In 2010 the case of Radmacher v Granatino made headlines in England. The case confirmed that pre-nuptial agreements could be binding in the UK in the right circumstances.
Recently this issue has been re-examined in the case of Luckwell v Limata. Victoria Luckwell is the daughter of one of Britain’s wealthiest men, Mike Luckwell, the director of the media company that created the children’s programme ‘Bob the Builder’. Mike Luckwell is estimated to have a £135,000,000 fortune. Victoria Luckwell began living with her then boyfriend Francesco Limata in 2004. The parties became in engaged and were married on 23rd July 2005. They now have three young children. Shortly before the marriage both Victoria and Francesco signed a pre-nuptial agreement (also referred to as a pre-marital agreement) confirming they would keep their own property and would not make claims against the others property. The pre-nuptial agreement specifically referred to gifts given to Victoria by her “wealthy family”. During the course of the marriage the parties signed two further agreements as and when Victoria’s family gave her substantial gifts which included a property in Connaught Square, where the former Prime Minister Tony Blair owns a home.
By the breakdown of the marriage Francesco had no property of his own, his pre-owned flat had been sold and the equity dissipated. Francesco had not been in employment since 2012 save beyond working in his mother’s hotel on an ad hoc basis for minimum wage. Victoria helped out in her mother’s business on occasions but had not been formally employed since 2005. Victoria had been maintained by way of substantial allowances from each of her parents, who also paid the children’s school fees.
A High Court Family Division Judge Mr Justice Holman ruled that despite the agreement proper provision must be made for Francesco in particular to avoid the divorce having a damaging impact on the couple’s three children. The Judge was concerned that the children could find themselves living with their mother “in relative luxury” and then staying with their father who was in debt and lacked assets “in penury”. The Judge commented that if the genders had been reversed it was “inconceivable that the agreements would outweigh making a substantial award to the wife even if the children were primarily living with the husband and only intermittently staying with her.”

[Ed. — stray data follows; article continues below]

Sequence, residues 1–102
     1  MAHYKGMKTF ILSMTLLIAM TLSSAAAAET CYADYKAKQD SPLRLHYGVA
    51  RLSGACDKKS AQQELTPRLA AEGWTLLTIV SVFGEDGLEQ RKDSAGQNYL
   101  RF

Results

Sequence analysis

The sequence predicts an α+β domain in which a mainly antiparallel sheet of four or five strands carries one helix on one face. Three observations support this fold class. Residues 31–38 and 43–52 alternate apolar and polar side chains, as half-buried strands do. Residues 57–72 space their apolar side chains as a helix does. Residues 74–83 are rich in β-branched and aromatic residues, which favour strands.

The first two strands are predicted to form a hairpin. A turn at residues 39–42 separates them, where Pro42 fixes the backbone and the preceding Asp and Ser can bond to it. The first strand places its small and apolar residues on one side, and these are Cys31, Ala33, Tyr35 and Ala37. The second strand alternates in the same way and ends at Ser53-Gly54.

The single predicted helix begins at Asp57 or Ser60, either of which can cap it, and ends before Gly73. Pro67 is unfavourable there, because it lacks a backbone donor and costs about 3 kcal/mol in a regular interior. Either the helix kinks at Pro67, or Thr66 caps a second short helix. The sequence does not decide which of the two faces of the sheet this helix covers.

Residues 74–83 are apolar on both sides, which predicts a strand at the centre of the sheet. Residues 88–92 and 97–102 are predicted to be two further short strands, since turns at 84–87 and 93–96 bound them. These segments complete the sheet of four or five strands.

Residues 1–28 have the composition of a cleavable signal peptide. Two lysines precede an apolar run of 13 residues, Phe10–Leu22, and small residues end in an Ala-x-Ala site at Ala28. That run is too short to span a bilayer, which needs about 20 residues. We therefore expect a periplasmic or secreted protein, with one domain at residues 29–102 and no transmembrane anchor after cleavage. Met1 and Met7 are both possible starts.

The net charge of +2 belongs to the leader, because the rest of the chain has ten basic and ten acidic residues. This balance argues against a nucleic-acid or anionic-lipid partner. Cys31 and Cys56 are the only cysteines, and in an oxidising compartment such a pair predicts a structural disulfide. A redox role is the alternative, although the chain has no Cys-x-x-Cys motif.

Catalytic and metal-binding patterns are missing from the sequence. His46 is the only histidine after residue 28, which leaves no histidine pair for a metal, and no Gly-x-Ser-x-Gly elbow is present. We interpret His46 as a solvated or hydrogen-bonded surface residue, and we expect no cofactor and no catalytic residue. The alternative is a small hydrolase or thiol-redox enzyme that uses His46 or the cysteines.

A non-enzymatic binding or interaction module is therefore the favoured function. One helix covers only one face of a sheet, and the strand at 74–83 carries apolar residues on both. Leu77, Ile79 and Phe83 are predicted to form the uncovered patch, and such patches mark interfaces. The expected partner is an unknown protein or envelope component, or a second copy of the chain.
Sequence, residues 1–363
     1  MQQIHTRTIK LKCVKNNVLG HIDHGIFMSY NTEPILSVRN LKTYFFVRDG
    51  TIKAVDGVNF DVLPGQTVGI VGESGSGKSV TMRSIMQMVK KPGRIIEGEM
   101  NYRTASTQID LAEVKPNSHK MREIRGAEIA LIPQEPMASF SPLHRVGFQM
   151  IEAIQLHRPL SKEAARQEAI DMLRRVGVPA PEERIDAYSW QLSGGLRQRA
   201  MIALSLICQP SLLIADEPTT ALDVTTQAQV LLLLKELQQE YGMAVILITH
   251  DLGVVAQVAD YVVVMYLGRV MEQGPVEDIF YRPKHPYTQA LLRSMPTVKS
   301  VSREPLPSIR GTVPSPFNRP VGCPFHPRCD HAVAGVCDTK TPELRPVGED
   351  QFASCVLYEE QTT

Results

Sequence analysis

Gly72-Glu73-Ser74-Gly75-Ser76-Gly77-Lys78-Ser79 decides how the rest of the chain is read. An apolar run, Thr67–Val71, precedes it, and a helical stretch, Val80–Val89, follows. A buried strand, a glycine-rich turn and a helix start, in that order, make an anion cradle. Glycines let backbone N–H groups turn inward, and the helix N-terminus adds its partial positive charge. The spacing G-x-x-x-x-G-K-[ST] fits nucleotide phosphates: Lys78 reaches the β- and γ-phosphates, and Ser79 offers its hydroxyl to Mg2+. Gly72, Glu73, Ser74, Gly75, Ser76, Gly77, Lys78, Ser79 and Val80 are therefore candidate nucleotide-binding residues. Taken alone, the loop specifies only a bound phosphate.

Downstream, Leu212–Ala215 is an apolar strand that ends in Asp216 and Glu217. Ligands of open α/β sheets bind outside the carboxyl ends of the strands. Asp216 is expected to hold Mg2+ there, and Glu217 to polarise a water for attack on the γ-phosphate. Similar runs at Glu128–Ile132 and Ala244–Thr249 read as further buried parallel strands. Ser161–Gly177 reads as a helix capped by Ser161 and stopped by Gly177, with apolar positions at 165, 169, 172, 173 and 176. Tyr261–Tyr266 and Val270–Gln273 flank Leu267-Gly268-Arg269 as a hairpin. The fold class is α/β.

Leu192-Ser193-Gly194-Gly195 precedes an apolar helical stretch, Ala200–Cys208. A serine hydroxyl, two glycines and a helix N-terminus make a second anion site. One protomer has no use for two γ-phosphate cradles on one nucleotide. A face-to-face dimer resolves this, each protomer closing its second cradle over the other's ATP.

The Judge looking at the pre-nuptial agreements said that though great weight would be given to them and Francesco had no claim at all on the parties’ assets based on contributions, compensation or sharing. The only consideration that outweighed those considerations was his “need”. The weakness or unfairness of the agreements in this matter were that from the start they provided nothing at all for Francesco irrespective of how long the parties had been married or how great his need was on the breakdown of the marriage. The Judge found that Francesco was now in a “predicament of real need” while Victoria enjoyed “sufficiency or more”.
The Judge ordered that the former matrimonial home at Connaught Square be sold to release the equity of £6,7400,000. Of this Victoria was then to provide up to £900,000 for the purchase of a three bedroom property for Francesco’s use, but, the property was not owned by Francesco. When the youngest child turns twenty two the property is to be sold and 45% of the net proceeds will be returned to Victoria. The rest will be used to purchase a smaller property for Francesco. Over and above this Victoria was to provide a further net figure of £292,000 to allow Francesco to furnish the property to purchase a car and to pay off his debts, of over £200,000. This left Victoria with £5,500,000 which allowed her to meet the children’s school fees estimated at £1,100,000. She then retained capital of £4,400,000 which was divided to provide a housing fund of £3,000,000 for her and the children, with a further £1,400,000 to meet her expenses going forward.
This case shows is that it is extremely important that when drafting up a pre-nuptial agreement that care is taken to deal with anticipated changes, such as children being born. Had the pre-nuptial agreement made some provision for Francesco it is clear the original agreement could have been upheld and expensive and lengthy litigation through the courts could have been avoided.